Mick Braddock – Reminiscences

E-mail from Orcadian Mick Braddock formerly of Low Common Methley 2nd March, 2012

Hi Bill
Hope you are keeping well. Hoping to get down to Yorkshire for a holiday at the end of the month (March 2012) and hope the weather holds out as we ended up almost stranded with the snow last time we were down there.

I was born July 1942 at Carr Houses and lived there until we moved when I was 4 yrs old. With Granddad Paddy Gallagher & Uncle Ted still living at 35 Low Common I still used to spend a lot of time and most weekends there. The saddest memory I have is from 1949 when Grandma Polly & Uncle Tom both died within a few weeks of each other.

I remember as a nipper a character called ‘Cracker Jack’ who was crippled, possibly a wounded soldier but I don’t know. I remember that he had a shelter set up near the railway bridge built from an old army lorry canopy and a open brazier to keep warm. He was paid to keep the pigeons away from the freshly sowed peas using his shotgun

It seems that when I was very young I disappeared one day and had all the locals searching for me. It turned out that Cracker Jack had taken me to see the prisoners at Pinfold Lane and a place he often took me afterwards. I did have a toffee hammer made out of thick twisted metal made by a prisoner for me, but unfortunately I lost it when moving house about 45 years ago.

An incident I remember well was a villager (I’ll not mention his name) who was paid to put down sick animals taking a dog down the lane near the filter beds and shooting it but failing to kill it with a single shot. The dog was howling and screaming in pain but cartridges cost money and he wasn’t for wasting another. Then the man in the railway signal box came out to see what all the noise was about. When he saw what was happening he shouted for him to shoot the dog again but the man wasn’t for using another cartridge as they cost money.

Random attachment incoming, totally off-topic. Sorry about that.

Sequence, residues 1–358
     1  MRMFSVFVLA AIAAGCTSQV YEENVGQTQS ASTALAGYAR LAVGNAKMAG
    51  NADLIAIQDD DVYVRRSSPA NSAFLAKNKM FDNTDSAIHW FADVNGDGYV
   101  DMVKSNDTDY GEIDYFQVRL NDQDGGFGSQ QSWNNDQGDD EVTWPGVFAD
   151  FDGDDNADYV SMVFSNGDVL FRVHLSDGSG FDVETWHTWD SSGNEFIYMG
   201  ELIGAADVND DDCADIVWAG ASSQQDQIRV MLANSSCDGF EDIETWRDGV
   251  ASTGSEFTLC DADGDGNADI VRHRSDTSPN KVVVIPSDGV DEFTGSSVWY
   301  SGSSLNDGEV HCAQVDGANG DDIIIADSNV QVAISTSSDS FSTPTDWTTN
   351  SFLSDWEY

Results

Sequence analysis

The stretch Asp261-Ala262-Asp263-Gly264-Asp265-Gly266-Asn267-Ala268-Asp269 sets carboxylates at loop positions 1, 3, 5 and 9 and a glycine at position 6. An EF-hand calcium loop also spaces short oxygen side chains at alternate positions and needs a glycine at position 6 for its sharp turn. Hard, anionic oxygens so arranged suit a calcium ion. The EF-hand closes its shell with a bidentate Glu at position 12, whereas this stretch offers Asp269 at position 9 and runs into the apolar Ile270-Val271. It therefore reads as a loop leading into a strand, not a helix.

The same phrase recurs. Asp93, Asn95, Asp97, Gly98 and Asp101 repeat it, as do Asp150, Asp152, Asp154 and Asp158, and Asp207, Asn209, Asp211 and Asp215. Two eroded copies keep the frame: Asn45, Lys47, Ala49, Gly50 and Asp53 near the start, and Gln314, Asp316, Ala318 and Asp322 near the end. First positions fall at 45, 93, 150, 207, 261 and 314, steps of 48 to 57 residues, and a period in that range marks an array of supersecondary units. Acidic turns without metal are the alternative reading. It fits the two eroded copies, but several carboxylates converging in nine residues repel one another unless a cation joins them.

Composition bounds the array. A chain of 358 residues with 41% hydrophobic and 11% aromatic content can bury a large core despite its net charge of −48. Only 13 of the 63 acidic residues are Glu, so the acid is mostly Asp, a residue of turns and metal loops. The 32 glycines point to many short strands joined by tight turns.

The signal man raced back to his box and reappeared with a gun of his own. Thank God we thought thinking that he was going to put the poor dog out of its misery, but that wasn’t his intention at all. He shouted ‘either shoot the bloody dog now or I’ll bloody shoot thee’ which did the trick and the poor dog was finished off. We as kids were very happy to see the dog put out of pain but as kids we were also sorely disappointed that the signal man never got to fire a shot as that was what we thought would have been justice.

Just memories Bill and I often think of folk from the village that I knew as a kid. Feel free to use any of these thoughts on your site. I think it better that we don’t mention the name of the man that killed the dogs as I am sure he has descendants still living there.

Incidentally when we first came here to Graemsay (Orkneys) 22 years ago we brought the island population up to 17 and one near neighbor who lived across the bay was a retired chap who moved here from Wolverhampton with his wife after suffering a violent robbery in which they were both injured.   He was a famous pigeon breeder (Corbett’s Darkens) and one day whilst talking to him I mentioned to him that my Granddad used to be a keen pigeon man from Methley. ‘Methley in Yorkshire’ he asked, when I told him ‘Aye’ he said ‘funny I used to work down Junction pit there when I was younger’. A small world or what!

Regards and all the best – Mick

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